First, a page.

As the credits rolled, I found myself sitting next to my husband in the darkened theater, my mind in a bit of a quandary. Honestly, I didn't exactly know what to think about the film that I had just seen. If I had not been an avid fan...or rather, a long-lost citizen of the Narnian realms...I might have left that film with an air of wonder and enchantment. For I will not deny, the movie was powerful and emotional enough to ring something deep in the heart of any viewer. However, knowing what I know and loving Narnia the way I do, I felt a bit muddled up in my heart.
There were so many things that I did not agree with...however, I will limit my observations in this rant to keep from sounding like a spoiled child or an overzealous fan with too much of an opinion.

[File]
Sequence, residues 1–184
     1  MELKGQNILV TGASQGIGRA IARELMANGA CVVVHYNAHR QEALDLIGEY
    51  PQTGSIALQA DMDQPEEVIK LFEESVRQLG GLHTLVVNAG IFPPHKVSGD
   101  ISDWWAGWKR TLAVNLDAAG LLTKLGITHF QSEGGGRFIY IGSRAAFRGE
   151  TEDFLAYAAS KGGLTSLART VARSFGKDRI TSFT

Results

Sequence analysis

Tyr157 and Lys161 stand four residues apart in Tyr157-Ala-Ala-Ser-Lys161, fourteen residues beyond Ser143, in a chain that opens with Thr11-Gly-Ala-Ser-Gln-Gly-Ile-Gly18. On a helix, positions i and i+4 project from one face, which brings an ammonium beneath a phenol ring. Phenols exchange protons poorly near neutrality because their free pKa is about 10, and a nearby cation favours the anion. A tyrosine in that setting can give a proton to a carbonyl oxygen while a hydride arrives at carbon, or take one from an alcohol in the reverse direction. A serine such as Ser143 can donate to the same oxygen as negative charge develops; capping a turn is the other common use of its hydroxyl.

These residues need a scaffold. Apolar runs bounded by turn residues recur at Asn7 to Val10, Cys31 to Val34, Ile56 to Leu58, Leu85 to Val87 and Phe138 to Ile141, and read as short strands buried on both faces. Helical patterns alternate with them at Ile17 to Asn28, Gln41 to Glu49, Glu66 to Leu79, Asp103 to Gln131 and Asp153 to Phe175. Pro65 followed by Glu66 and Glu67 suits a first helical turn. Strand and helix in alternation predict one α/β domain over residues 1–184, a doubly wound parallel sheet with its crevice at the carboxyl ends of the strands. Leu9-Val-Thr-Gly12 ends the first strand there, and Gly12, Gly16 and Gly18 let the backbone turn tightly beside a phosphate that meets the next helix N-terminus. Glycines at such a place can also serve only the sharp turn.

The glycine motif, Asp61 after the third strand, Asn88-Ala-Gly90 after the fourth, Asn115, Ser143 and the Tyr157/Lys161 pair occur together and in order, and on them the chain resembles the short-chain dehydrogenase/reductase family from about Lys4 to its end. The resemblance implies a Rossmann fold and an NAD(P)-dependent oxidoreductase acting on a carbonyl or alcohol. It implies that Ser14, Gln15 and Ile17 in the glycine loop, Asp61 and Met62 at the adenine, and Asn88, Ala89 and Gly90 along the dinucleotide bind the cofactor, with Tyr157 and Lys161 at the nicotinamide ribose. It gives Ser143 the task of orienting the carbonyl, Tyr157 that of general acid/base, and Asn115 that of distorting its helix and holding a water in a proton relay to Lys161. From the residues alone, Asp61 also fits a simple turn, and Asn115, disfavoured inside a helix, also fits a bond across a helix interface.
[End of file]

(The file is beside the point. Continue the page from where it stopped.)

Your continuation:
1.) Eustace called his parents "Father" and "Mother." I almost leapt from my chair. Lewis wrote within the first six lines of the book that "...Eustace did not call his parents 'Father and Mother,' but 'Harold and Alberta.'" This might seem like a very trivial matter; however, it is something that Lewis specifically wrote within the first paragraph of the book. This means it was, for some reason, excruciatingly important to him as the author, and therefore, it should just as important to us as the reader. It bothered me.